Use complaints as an opportunity for your customer service to shine! ✨
We’ve all been there. Our online shopping order hasn’t arrived, or the packet of crisps we just bought with our meal deal has a disgracefully small amount of actual crisps in. So, we take to our devices, don our keyboard warrior armour, and let our thumbs go to war on the brand in question.
And we’re not alone. Stats show that social media is now a key channel for consumer complaints, with 47% of people admitting to using social media to complain about a business – and that’s just the people who admit it.
You may have heard the saying that “unhappy customers tell 10 people, while happy customers may not tell anyone at all” – and that theory is only amplified online. One tweet can reach 10, 20, 50 or even hundreds of people in the space of mere seconds; especially if it’s a particularly entertaining rant about how a bag of Doritos only actually had 6 whole Doritos in it. Clearly unacceptable.
The rise of the keyboard warrior
While the number of people taking to their smartphones to berate an unsuspecting brand is undeniable, it’s the reason why that gets interesting.
You could argue that people do it because it’s easier, or quicker, or doesn’t involve having to speak to an actual person on the phone (ew – human interaction). And there’s probably an element of truth to all of those. But studies have also shown that people like to complain on social media because they want other people to know that they’re complaining.
A study called The Social Habit found that 79% of people complaining about a brand on Twitter do so hoping that their friends will see it, while 52% hope that the company in question will see it. And only 36% expect that the brand would see their complaint and actually fix the problem as a result.
This research shows that people aren’t actually taking to Twitter in the hopes that their problem will be solved; instead, they want other people to know about the problems that they’re having. This works like a form of social proof, whereby positive and negative experiences can impact the behaviours of other people who hear about them – or in this case, read about them.
Research in Psychology Today found that complainers can be broken into three types: the never-happy Chronic Complainer, the sympathy-seeking Venter, and the Instrumental Complainer, who’s looking for a solution. When it comes to social media complaints, most classify in the latter two – with the top reason for complaining being to raise awareness among other consumers, and the second reason being that a user is in search of an apology or solution.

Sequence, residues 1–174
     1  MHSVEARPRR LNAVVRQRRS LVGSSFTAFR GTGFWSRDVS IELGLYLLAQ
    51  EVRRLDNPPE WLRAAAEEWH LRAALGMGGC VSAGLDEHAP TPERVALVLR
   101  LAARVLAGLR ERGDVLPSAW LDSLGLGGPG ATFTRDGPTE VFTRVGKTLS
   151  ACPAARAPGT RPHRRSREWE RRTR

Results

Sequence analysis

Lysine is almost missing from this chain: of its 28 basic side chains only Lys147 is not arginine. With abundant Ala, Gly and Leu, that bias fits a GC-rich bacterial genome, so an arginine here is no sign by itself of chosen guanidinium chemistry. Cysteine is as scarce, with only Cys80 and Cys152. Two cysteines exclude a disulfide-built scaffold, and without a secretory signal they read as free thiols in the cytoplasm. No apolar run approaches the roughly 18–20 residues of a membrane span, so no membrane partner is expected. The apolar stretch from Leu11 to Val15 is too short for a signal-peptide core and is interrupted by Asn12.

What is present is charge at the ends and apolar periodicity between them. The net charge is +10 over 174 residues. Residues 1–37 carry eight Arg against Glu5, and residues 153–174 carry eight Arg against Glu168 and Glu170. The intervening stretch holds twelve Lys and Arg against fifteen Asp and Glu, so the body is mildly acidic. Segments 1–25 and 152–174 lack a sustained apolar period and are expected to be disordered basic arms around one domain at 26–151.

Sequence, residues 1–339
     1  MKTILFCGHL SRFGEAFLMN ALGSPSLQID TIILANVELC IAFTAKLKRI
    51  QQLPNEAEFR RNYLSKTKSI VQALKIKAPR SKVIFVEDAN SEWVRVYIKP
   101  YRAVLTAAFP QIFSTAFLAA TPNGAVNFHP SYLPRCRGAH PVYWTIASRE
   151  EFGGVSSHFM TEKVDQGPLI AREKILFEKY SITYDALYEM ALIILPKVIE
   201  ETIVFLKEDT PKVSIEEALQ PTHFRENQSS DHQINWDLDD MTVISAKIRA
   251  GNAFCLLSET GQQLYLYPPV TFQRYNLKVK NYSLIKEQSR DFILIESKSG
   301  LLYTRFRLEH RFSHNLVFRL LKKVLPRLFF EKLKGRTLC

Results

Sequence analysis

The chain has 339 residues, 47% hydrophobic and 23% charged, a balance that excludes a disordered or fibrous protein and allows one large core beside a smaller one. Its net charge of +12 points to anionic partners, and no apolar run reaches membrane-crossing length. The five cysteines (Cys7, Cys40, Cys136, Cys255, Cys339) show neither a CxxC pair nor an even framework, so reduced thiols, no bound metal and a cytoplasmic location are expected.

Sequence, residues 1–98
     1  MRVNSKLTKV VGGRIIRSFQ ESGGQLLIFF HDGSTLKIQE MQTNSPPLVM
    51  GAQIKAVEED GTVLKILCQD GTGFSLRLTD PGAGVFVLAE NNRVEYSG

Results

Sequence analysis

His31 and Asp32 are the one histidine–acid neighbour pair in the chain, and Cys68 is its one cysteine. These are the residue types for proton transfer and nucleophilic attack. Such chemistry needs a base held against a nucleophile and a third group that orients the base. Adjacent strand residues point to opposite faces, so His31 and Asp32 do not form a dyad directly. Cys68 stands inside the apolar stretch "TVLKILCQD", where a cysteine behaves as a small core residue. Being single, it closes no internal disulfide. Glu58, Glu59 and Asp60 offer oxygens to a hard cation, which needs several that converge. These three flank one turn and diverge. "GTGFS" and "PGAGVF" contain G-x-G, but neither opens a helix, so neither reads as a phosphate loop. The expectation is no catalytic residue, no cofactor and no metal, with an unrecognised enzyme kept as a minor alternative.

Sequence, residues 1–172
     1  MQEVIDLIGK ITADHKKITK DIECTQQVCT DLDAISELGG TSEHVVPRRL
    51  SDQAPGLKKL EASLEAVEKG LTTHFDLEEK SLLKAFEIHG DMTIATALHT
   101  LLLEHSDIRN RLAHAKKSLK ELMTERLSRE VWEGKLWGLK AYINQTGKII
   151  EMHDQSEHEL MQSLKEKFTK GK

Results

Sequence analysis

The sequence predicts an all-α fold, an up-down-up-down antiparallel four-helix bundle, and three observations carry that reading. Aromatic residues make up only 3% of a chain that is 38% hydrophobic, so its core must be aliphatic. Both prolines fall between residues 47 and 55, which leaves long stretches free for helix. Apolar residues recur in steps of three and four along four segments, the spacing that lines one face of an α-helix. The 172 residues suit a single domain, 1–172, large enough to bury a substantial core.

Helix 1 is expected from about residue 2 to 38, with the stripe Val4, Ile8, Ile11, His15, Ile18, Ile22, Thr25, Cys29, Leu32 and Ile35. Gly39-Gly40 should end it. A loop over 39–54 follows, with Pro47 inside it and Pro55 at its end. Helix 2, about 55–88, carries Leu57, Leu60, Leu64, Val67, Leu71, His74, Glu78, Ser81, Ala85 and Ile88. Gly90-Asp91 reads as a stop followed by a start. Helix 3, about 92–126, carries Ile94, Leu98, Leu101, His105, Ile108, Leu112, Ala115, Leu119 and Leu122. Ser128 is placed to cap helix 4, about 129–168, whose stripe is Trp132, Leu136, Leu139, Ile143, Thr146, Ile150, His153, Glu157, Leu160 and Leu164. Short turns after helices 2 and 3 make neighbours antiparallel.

Can it be a good thing?
If you watched our recent Giant Wednesday video, you’ll know that we covered off the best way to handle complaints on social media. And if you didn’t – well, you’re missing out. Rectify that immediately. Or when you finish reading this blog preferably.
In the video, we talk about some of our top tips for handling complaints, like making sure you reply quickly, using personal responses, and keeping things public. Because when it comes to responding to complaints, you want to get it right. Sprout Social found that no response was better than an unhelpful response, with survey respondents explaining that a bad response to a complaint meant that 50% of them would boycott the brand, 42% would share with offline friends, and 31% would continue to post on social media about it.
On the flip side, if a brand responds well to a complaint, 45% of people will share the positive experience online, 37% will buy again, and 36% will tell their offline friends about it.
As a whole, brands are receiving more messages that need a response than ever before – yet the response rate has decreased. This creates an opportunity for the businesses that are willing to step up and interact with their customers, both good and bad. Don’t be scared of social proof – use it to your advantage. After all, hoards of happy customers shouting about how great you are, even if they were complaining earlier today, is a great marketing weapon to have in your arsenal.
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